Addressing Citizen Concerns: Analysis of Heavy Metal Contamination in East Chicago, Indiana
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Julie Peller; Christopher Iceman
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Arts and Sciences
In East Chicago, Indiana, decades of industrial work led to heavy metals contamination to the surrounding environment. One residential area was built on an abandoned lead processing site, and lead soil levels measured well above the Environmental Protection Agency (EPA) limits in the 1990s. In 2009, the East Chicago site was added to the Federal Facilities National Priorities List (NPL), and the EPA designated it as a priority Superfund Site. While remediation measures have been underway by the EPA, the agency is not able to measure all possible places for metal contamination for all the residents. Therefore, we have investigated additional samples obtained from residents: dry soil, water, chipped paint and dust samples. Total acid digests have been performed on samples from 2016 and 2017 to determine the total metal concentrations. The samples have been analyzed using Inductively Coupled Plasma-Optical Emission Spectroscopy (ICP-OES). While we screened for 17 metals, analysis was focused on arsenic and lead. In each of the two years, two of the three vacuum bag samples indicated high levels of lead (>400 ppm), whereas all of the soil samples indicated high levels of arsenic (>0.68 ppm). Future work will focus on gastric and lung Physiologically Based Extraction Tests (PBETs) along with analysis for other organic chemicals and toxins in the environment.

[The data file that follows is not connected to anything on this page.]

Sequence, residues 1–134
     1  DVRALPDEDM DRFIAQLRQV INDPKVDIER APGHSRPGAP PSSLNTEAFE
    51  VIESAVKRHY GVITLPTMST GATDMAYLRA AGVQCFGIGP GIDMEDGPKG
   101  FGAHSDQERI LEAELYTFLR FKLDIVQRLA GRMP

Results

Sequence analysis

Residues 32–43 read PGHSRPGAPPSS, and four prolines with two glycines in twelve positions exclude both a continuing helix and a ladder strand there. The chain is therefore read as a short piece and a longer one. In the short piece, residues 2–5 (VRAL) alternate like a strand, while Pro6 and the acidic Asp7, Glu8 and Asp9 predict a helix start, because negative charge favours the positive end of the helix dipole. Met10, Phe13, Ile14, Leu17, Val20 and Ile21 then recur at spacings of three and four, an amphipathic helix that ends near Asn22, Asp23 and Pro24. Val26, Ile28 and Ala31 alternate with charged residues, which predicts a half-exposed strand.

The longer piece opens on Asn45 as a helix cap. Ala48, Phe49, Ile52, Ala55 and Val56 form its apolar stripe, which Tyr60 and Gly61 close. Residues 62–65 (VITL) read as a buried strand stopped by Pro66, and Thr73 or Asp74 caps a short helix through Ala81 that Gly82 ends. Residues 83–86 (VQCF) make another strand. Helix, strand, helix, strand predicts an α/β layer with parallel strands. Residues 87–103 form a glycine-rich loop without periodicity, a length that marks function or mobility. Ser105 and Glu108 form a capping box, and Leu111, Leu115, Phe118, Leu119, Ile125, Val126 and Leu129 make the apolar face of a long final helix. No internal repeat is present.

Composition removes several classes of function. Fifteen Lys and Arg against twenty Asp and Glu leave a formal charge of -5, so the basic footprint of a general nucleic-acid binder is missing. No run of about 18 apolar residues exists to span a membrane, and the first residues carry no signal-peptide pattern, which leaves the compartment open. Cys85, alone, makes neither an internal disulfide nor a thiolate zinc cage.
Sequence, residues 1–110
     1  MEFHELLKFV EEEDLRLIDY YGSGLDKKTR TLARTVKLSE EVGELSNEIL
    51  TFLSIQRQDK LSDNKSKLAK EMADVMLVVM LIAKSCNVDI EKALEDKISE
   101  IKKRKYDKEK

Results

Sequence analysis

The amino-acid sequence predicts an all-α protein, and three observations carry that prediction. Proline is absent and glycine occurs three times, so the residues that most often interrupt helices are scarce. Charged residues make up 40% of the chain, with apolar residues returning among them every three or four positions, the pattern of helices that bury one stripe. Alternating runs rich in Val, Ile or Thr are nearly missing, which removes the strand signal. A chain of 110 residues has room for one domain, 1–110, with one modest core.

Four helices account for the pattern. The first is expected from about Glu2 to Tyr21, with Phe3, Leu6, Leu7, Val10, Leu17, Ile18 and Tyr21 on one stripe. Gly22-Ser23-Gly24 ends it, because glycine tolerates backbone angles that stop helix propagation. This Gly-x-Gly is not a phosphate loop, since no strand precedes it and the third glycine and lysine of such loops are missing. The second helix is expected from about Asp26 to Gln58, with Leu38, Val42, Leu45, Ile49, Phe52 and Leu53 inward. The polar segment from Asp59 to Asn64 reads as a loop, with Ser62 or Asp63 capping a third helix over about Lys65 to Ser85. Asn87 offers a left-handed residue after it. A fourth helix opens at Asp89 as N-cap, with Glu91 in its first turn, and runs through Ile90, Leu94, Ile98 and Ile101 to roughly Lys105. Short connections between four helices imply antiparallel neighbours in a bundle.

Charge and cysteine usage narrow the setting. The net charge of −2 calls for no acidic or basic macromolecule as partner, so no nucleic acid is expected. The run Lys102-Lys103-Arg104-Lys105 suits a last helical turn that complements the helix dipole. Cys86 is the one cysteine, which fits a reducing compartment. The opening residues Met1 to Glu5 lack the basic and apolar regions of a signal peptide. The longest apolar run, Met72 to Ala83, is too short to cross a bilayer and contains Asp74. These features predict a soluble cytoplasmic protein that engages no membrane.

Bhatnagar, Ashita and Henkes, Zoe I., "Addressing Citizen Concerns: Analysis of Heavy Metal Contamination in East Chicago, Indiana" (2017). Fall Interdisciplinary Research Symposium. 80.
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